|Blowing the Whistle Laws protect nurses who report healthcare fraud|
Someone who makes unauthorized public disclosure of wrongdoing. Is whistle-blower a bad word? You decide. In a 1996 report, the U.S. Department of Justice called healthcare fraud the crime of the ’90s. Since then, recovery of money spent on erroneous and fraudulent claims has become a top priority for federal and state governments.
Look at the numbers: In 1998, the federal government spent $217 billion on Medicare. The Health Care Financing Administration reports about $22.5 billion went to California beneficiaries in 1999 and $14.7 billion to Texas. The agency estimates a Medicare billing error rate of 7 percent to 8 percent, with errors comprised of legitimate mistakes as well as fraudulent claims.Medicaid, jointly funded by federal and state money, could have an even higher error rate. Federal contributions to Medicaid totaled $171 billion in 1998. Texas spends about $10 billion each year on its Medicaid program. California, which calls its program Medi-Cal, spends about $20 billion annually.”While it’s difficult to determine Medi-Cal fraud, the standard estimate is up to 10 percent of total annual expenditures,” said Collin Wong, executive director of the California Attorney General’s Bureau of Medi-Cal Fraud. This amounts to about $2 billion for California and $1 billion for Texas.Aggressive enforcementThe federal government strengthened its existing False Claims Act to provide additional funding for fraud investigations and to reward whistle-blowers with a percentage of recovered funds. Since 1996, aggressive enforcement of the legislation has recovered an estimated $1.9 billion. Millions of dollars also have been awarded to whistle-blowers. HCFA offers pamphlets to Medicare beneficiaries that provide information on recognizing and fighting fraud.States are beefing up anti-fraud regulations, too. The Texas Attorney General’s office joined forces with the Texas Health and Human Services Commission to detect and prevent fraud and abuse of Medicaid.”Last year, Texas passed a state version of the False Claims Act in an effort to combat healthcare fraud,” said Marlene Martin, a lawyer who represents whistle-blowers. “The law imposes heavy penalties for fraudulent billing practices for the state portions of Medicaid money.”Financial rewards to whistle-blowers are part of the new provisions.”California has its own stand-alone False Claims Act similar to the federal version,” Wong said. Sacramento is home to a joint task force comprised of FBI agents and members of the U.S. Attorney General’s Office. The team’s investigation and prosecution of fraud is one of the most effective programs in the nation. Of the 250 cases now under investigation, most focus on pharmacists and medical equipment suppliers. The task force also has targeted several state employees, including one charged with accepting bribes from physicians to expedite Medi-Cal provider numbers.Protecting employees, patients“Nurses are on the front lines. They have an excellent vantage point to get a global picture of what’s happening,” Martin said. Whether it’s unsafe patient care or financial fraud, most states have enacted whistle-blower laws that protect nurses, patients and other healthcare professionals from retaliatory action.The Texas Nurses Association pushed for whistle-blower protection in a 1987 addition to the Nursing Practice Act. Two years ago, the Texas Supreme Court upheld and strengthened the legislation. Stephanie Tabone, RN, director of nursing practice for the association, has firsthand experience with blowing the whistle.”Years ago, I reported fraudulent billing practices and financial kickbacks for medical equipment. Someone broke into my files and stole the records, leaving me without adequate proof to move forward on the case.”Now, she offers this advice to nurses who are thinking about reporting fraud: “Nurses are generally people with a high ‘justice meter.’ They want to see the right thing done right now. If you’re thinking about doing something like this, go about it systematically, don’t be conspicuous, keep detailed records, and seek the appropriate authority.”Donne Brownsey, JD, lobbyist for the California Nurses Association, is proud of the organization’s sponsorship of a whistle-blower law last year.”The law protects nurses and employees, as well as patients,” Brownsey said. “It shifts the burden of proof to the facility. Anyone thinking about whistle-blowing should keep really good records, especially about what led up to the retaliatory actions. The nurse will need to show he or she acted appropriately. Even though the law provides additional protection, these are very difficult cases.”Martin said, “Whistle-blowing can be heart-wrenching, often resulting in retaliation, termination and being ostracized by co-workers. The typical whistle-blower is a principled individual committed to doing the right thing. Many have told me the reward money is small compensation for what they and their families had to go through.”Unscrupulous providers are getting the message, too: It’s not acceptable to steal money that’s intended for the care of the oldest, poorest and most fragile.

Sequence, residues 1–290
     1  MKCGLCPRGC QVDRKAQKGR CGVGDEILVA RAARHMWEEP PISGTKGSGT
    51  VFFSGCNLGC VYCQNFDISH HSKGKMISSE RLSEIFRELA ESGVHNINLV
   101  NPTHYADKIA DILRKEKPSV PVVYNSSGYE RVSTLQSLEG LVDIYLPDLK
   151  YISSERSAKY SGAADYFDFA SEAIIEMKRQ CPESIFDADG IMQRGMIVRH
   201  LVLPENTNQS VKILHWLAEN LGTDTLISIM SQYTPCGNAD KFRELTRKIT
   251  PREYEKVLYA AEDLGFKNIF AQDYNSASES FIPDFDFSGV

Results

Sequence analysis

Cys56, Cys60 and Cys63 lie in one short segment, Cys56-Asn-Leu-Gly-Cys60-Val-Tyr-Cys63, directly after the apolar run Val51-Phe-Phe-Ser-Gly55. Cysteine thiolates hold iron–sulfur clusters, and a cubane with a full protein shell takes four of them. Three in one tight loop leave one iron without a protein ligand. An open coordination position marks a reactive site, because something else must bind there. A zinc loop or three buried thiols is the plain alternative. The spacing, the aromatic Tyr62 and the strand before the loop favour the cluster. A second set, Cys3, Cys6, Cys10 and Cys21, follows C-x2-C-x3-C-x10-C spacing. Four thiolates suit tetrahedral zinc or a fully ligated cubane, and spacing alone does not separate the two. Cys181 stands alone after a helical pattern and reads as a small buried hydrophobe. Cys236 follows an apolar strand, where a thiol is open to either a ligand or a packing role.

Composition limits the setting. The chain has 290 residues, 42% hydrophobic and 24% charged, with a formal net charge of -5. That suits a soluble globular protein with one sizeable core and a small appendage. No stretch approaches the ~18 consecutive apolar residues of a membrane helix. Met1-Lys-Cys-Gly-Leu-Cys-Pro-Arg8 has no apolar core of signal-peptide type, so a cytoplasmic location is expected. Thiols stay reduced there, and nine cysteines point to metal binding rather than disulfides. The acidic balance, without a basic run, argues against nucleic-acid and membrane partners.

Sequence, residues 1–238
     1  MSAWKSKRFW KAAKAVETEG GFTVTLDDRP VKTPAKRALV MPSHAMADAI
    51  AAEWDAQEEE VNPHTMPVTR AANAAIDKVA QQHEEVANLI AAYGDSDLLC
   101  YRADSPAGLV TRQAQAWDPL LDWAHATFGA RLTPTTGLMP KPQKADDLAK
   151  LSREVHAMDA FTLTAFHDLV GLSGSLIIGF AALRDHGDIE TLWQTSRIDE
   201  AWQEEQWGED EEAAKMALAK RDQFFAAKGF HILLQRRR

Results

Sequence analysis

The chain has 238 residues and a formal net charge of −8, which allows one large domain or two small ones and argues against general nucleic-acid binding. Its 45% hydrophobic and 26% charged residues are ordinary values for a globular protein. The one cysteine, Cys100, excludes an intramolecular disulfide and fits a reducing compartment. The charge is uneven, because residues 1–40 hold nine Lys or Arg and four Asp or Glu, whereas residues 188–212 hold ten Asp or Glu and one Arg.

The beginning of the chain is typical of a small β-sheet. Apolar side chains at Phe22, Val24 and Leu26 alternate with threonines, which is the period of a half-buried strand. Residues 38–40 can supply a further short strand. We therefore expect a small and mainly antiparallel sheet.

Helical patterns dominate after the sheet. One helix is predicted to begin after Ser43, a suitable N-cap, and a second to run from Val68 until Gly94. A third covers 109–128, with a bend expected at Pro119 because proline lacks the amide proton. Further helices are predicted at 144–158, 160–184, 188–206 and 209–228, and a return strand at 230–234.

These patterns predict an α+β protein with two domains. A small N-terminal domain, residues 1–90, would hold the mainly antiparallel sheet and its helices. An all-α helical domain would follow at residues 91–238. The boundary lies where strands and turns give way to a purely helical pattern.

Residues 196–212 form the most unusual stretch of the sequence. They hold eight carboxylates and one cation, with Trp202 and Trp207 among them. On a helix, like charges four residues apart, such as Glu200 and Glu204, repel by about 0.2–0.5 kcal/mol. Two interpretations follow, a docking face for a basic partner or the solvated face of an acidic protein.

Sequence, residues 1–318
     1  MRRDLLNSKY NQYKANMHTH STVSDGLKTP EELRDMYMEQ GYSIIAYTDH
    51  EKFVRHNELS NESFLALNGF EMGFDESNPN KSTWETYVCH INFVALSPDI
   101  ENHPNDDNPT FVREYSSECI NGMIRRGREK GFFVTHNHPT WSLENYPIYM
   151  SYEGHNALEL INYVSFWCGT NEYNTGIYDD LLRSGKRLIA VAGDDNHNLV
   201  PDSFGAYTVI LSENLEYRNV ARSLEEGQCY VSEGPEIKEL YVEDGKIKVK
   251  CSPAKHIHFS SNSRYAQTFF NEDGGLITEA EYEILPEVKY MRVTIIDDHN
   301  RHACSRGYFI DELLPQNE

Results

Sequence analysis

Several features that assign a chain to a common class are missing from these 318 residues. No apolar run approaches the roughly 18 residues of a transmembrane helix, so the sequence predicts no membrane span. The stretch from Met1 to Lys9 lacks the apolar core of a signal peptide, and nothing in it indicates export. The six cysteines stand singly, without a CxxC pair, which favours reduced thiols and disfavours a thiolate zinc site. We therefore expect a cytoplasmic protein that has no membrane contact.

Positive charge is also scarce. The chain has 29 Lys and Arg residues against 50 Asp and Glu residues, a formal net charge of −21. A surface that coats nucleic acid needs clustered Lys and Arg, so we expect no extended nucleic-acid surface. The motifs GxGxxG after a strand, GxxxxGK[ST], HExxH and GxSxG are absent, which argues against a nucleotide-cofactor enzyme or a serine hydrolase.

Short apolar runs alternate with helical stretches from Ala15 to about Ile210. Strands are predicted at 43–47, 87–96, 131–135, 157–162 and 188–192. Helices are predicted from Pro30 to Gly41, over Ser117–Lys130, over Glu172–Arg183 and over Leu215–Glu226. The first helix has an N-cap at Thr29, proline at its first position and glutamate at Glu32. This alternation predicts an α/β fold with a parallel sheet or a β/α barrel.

|The Dirty DozenSome examples of fraud in health care:Billing for nonexistent or deceased patients.Billing for services not provided.Billing for new medical equipment that is used.Billing for unnecessary treatment or testing.Billing for physician services that are provided by unlicensed personnel.Inflating billing for services that are covered.Paying kickbacks for referrals.Concealing ownership (i.e., physicians referring patients to companies they own).Unbundling – billing separately for services that should be included in one fee.Upcoding – altering billing codes to reflect more expensive services.Waiving required co-payments and deductibles.Practicing direct solicitation of patients.~ Connie Goldsmith|